the first of the three is influenced by biology I class it
unhesitatingly among the works of sheer exuberance. Each of these
books is, in effect, an answer to some rather whimsical question, and
the problem that Dr Moreau attempted to solve was: "Can we, by
surgery, so accelerate the evolutionary process as to make man out of
a beast in a few days or weeks?" And within limits he found that the
answer was: "Yes."

In the seclusion of his island, and with the poor assistance of the
outlawed medical student, Montgomery, Dr Moreau succeeded in producing
some creditable parodies of humanity by his operations on pigs, bulls,
dogs and other animals. These cut and remoulded creatures had
something the appearance and intelligence of Homo Sapiens, and could
be maintained at that level by the exercise of discipline and the
constant recital of "the Law"; left to themselves they gradually
reverted to the habits and manners of the individual beasts out of
which they had been carved. We may infer that some subtle organic
chemistry worked its determination upon their uncontrolled wills, but
Mr Wells offers no explanation, psychic, chemical or biological, and
I do not think that he intended any particular fable beyond the
evident one that, physically, one species is as like to the next as
makes no matter. What Moreau did well another man might have done
better. It is a good story, and the adventures of the marooned
Prendick, alone, are sufficient justification for the original
conception. (I feel bound to note, however, the absurd comments of
some early reviewers who seemed to imagine that the story was a
defence of vivisection.)

The next romance (1897) seeks to answer the question: "What could a
man do if he were invisible?" Various attempts to answer that question
had been made by other writers, but none of them had come to it with
Mr Wells' practical grasp of the real problem; the earlier romantics
had not grappled with the necessity for clothes and the various ways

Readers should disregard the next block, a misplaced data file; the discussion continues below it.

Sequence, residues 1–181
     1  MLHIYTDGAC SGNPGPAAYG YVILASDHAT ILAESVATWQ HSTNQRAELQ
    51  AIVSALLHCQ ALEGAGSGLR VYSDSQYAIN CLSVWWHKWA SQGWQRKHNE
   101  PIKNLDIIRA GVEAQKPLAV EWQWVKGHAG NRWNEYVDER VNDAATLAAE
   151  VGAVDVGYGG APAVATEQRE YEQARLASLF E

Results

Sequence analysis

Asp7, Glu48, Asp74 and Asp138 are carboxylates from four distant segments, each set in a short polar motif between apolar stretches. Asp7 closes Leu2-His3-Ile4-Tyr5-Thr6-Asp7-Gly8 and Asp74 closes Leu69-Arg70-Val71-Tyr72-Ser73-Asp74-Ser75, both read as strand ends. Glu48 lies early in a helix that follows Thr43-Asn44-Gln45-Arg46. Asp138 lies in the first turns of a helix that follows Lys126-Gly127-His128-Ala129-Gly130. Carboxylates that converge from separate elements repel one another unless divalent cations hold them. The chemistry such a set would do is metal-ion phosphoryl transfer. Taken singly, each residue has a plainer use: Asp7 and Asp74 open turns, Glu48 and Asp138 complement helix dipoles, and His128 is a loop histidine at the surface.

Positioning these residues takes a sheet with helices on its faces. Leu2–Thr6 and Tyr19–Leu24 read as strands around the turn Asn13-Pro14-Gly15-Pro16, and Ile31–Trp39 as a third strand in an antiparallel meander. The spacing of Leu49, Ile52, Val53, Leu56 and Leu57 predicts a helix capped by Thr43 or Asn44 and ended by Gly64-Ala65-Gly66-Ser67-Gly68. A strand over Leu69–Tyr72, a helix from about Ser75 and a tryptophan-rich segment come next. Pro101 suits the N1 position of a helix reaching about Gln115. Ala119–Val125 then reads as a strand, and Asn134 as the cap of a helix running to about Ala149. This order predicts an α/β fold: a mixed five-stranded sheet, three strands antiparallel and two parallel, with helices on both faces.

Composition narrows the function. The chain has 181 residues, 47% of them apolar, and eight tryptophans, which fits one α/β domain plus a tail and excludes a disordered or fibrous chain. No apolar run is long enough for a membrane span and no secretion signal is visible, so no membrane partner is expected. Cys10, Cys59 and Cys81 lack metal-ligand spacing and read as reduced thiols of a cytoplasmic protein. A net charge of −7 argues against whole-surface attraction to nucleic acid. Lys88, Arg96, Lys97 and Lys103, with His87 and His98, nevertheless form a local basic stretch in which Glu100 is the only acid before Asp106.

in which a material man, however indistinguishable his body by our
sense of sight, must leave traces of his passage. The study from
beginning to end is finely realistic; and even the theory of the
albino, Griffin, and in a lesser degree his method of winning the
useless gift of invisibility, are convincing enough to make us wonder
whether the thing is not scientifically possible. As a pure romance
set in perfectly natural surroundings, _The Invisible Man_ is possibly
the high-water mark of Mr Wells' achievement in this kind. He has
perfected his technique, and the interest in the development of the
story works up steadily to the splendid climax, when the form of the
berserker Griffin returns to visibility, his hands clenched, his eyes
wide open, and on his face an expression of "anger and dismay," the
elements--as I choose to think--of man's revolt against imprisonment
in the flesh. It is worth while to note that by another statement, the
same problem is posed and solved in the short story called _The
Country of the Blind_.

_The War of the Worlds_ (1898), although written in the first person,
is in some ways the most detached of all these fantasies; and it is in
this book that Mr Wells frankly confesses his own occasional sense of
separation. "At times," says the narrator of the history, "I suffer
from the strangest sense of detachment from myself and the world about
me, I seem to watch it all from the outside, from somewhere
inconceivably remote, out of time, out of space, out of the stress and
tragedy of it all." That sense must have remained with him as he wrote
the account of the invading Martians, so little passion does the book
contain. The vision, however, is clear enough and there is more
invention than in many of the other romances. The picture of the
Martians themselves develops in one direction the theory of human
evolution expressed in _The Man of the Year Million_. The expansion
of the brain case, and the apotheosis of pure intellect, devoid, so
far as we can judge, of any emotional expression, are the steadily
biological deductions that we should expect from the Wells of this
period. The fighting machines of these incomprehensible entities, the
heat ray and the black smoke, are all excellent conceptions; and the
narrative is splendidly graphic. But only in the scenes with the
curate, when the narrator is stirred to passionate anger, and in his
later passages with the sapper, do we catch any glimpses of the
novelist intrigued with the intimate affairs of humanity. Even the
narrator's brother, in his account of the escape with two women in a
pony-carriage, has become infected with that sense of detachment. The
two women are strongly differentiated but leave little impression of

The fact that I have made this comment on lack of passion in
describing one of these earlier romances is indicative of a particular
difference between Mr Wells' method in this sort and the method of the
lesser writer of fantasias. The latter, whatever his idea, and it may
be a brilliant idea, is always intent on elaborating the wonder of his
theme by direct description. Mr Wells is far more subtle and more
effective. He takes an average individual, identifies him with the